This is a work of fiction.
“Would you like me to call an ambulance?”
Mercy shakes her head.
“Would you like to sleep in my guest room?”
“Please,” she whispers.
Thank goodness there’s one on the main floor.
I’ve been setting it up for when Mom, Dad, and Mona come to visit. So far, there’s just a bed and a nightstand.
I pull back the covers, and Mercy climbs into bed with her clothes on.
She closes her eyes, and I say, “The bathroom’s down the hall and I’ll leave a glass of water on the nightstand and another one on the vanity in the bathroom. If you need anything else, call out to me. I’ll be in the living room.”
She doesn’t answer, and I hope she’s heard what I’ve said.
“Good night, Mercy.”
I leave the glasses of water as promised, and then go into the living room and sit at my desk.
I spend the next hour on the Internet, browsing and then ordering art supplies.
I check my e-mail and write a bunch of replies.
Soon, it’s morning, and I haven’t heard a sound from the guest room.
Maybe I should go check on Mercy.
I tiptoe into the room. With only the bed and nightstand, it seems quite empty.
She’s asleep, and the glass of water is still full.
I go back to the living room and work on a painting until I hear Mercy getting up.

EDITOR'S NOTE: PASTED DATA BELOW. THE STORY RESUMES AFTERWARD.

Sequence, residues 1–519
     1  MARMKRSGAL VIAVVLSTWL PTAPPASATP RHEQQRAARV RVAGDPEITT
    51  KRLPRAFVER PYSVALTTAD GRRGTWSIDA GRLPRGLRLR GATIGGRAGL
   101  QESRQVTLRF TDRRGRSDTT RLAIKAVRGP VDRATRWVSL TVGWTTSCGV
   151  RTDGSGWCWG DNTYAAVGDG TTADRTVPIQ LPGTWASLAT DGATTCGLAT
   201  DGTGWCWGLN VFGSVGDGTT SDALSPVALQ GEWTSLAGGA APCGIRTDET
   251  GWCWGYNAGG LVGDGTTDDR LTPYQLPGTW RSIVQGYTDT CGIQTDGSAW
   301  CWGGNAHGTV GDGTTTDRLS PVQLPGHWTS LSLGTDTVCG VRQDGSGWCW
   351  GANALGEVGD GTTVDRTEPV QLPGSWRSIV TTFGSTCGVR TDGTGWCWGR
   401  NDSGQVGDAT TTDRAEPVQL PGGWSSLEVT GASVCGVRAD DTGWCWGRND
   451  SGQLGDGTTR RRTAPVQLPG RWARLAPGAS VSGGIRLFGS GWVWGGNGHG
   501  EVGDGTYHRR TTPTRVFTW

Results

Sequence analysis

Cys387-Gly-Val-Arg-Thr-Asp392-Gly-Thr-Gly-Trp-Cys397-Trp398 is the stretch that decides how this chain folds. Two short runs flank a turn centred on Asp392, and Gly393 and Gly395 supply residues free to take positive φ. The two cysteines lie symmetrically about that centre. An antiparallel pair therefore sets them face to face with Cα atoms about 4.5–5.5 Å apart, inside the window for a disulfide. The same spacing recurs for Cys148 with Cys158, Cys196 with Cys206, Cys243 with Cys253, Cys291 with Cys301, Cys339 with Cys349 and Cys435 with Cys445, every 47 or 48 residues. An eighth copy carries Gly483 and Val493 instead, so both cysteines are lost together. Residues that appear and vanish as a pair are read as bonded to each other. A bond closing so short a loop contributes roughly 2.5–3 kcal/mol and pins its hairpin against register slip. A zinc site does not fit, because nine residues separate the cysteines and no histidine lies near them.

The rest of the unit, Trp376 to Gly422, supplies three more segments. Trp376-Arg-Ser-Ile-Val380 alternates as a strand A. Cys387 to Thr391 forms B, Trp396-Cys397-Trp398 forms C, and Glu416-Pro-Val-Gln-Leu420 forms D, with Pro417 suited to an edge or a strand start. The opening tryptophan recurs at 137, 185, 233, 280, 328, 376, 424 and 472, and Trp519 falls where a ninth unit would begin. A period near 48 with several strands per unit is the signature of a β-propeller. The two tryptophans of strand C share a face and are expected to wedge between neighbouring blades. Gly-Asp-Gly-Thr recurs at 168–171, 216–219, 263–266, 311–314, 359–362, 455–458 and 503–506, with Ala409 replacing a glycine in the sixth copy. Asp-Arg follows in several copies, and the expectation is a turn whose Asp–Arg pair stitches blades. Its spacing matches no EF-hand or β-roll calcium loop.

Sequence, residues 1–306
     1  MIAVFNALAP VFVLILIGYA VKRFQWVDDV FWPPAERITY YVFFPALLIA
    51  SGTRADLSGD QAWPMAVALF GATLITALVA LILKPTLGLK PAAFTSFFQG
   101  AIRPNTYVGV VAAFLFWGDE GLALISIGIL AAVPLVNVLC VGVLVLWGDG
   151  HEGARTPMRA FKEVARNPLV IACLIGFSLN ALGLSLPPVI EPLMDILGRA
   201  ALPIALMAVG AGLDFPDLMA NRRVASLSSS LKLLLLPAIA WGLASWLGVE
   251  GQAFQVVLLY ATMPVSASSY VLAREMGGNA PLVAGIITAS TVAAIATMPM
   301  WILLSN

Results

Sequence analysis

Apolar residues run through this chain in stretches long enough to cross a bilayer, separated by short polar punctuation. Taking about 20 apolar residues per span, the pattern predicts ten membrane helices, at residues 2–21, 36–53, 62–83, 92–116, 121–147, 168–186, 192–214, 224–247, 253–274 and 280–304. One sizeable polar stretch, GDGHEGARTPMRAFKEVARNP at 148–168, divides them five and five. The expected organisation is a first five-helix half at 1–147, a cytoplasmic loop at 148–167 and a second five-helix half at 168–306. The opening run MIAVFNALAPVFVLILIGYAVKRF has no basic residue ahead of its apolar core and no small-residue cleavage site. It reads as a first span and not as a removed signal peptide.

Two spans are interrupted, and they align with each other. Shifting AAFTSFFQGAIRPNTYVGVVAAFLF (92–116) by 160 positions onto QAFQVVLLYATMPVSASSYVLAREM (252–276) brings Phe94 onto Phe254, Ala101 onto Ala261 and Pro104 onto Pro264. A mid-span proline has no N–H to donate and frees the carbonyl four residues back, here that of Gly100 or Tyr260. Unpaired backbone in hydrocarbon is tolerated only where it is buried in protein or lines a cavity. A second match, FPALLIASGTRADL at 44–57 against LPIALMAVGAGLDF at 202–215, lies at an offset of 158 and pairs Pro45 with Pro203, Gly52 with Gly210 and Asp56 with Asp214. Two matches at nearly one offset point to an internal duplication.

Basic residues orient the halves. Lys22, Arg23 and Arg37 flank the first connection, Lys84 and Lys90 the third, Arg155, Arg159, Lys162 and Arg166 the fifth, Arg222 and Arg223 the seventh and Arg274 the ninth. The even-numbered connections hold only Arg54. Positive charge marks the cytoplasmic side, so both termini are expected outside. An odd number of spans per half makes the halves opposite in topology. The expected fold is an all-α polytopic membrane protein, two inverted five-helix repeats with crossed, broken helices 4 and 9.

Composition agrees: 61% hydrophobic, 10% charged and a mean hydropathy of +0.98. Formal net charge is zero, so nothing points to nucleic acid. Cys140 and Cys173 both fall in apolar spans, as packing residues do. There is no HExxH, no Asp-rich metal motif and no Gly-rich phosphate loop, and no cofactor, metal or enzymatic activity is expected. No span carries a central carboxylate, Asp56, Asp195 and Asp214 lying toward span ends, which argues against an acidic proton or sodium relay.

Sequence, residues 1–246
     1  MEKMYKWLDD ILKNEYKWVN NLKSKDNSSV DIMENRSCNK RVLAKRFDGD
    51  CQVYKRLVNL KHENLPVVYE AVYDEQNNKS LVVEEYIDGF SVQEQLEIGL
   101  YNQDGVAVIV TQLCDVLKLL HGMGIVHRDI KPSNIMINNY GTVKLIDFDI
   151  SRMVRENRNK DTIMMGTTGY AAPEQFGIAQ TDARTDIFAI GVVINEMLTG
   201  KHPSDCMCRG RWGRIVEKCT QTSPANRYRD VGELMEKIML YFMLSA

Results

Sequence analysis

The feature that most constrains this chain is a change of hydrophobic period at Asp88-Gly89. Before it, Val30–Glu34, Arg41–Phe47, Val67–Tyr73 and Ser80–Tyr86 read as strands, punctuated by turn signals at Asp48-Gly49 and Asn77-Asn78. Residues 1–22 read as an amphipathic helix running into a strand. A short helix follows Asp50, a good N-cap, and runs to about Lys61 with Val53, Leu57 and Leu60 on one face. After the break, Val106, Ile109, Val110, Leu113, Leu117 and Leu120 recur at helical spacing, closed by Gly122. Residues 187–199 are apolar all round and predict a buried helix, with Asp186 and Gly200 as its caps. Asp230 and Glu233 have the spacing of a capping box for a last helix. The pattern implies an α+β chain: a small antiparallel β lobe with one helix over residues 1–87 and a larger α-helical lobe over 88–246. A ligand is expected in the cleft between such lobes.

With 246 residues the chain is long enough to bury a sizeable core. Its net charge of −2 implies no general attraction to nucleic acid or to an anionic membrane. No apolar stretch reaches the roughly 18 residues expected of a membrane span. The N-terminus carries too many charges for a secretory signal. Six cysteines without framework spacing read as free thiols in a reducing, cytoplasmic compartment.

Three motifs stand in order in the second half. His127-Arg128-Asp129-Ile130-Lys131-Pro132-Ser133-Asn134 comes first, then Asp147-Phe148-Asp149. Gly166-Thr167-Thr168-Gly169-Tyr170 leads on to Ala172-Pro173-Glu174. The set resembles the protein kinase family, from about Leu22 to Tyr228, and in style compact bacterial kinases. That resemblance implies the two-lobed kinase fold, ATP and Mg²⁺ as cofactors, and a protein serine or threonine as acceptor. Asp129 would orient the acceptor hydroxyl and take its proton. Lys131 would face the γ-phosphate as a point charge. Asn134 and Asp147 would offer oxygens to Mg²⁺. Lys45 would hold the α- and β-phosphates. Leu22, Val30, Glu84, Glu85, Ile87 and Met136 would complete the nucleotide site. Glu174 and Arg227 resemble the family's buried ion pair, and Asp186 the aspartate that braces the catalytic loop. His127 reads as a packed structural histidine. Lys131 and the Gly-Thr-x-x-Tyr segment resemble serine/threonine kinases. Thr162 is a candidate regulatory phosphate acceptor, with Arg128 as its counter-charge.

I meet her in the hall outside the guest room.
“Hi,” I say. “Do you need more water?”
She looks exhausted, but gives me a small smile.
“No thanks. You’re Billy, right?”
“Did I do anything dumb last night?”
“No. You rang the doorbell, I gave you a glass of water, and then you went to bed.”
“Thanks,” she says. The word is spoken with an emphasis I can’t put my finger on.
“I’m sorry,” she says.
“Don’t sweat it.”
She smiles faintly, and then looks serious.
“I have it.”
“Do you want to call anyone?”
She shakes her head.
“Okay. Do you want to talk? Or go back to bed?”
“Do you mind if I have a bath and then go to bed?”
“I don’t mind at all. If you want, I can lend you some clothes I bought for when Mom visits. I think she’s about your size.”
“If she wouldn’t mind, please.”
“She doesn’t know about them yet. I just bought a couple things so she wouldn’t have to do laundry or run home if Mona made a mess.”
“My baby sister. Who’s Eva?”
She looks like she might cry, and I feel crappy.
“Sorry, um . . . can I help you with anything for your bath?”
She shakes her head.
“Okay, I’ll go get the clothes. Do you prefer a nightie or pyjamas?”
She smiles at me.
“Oh, definitely pyjamas.”
Once I hear the tub filling, I go into the kitchen and look for something to eat.
Good thing I’ve bought a lot of food. With us here together, I’m pretty sure I’m going to end up with a case of coronavirus too.
I make myself some bacon and eggs and wonder if I should cook for Mercy, but decide to wait until I can ask her what she’d like.
I’ve just finished eating when I hear the bathroom door open, and Mercy’s footsteps in the hall.
“Would you like breakfast?” I call.
“Ugh, no thank you.”
Mercy sleeps most of the day, and when she does wake up, it’s just to use the bathroom and get more water.
I spend the day painting, checking on Mercy, and trying not to think about coronavirus.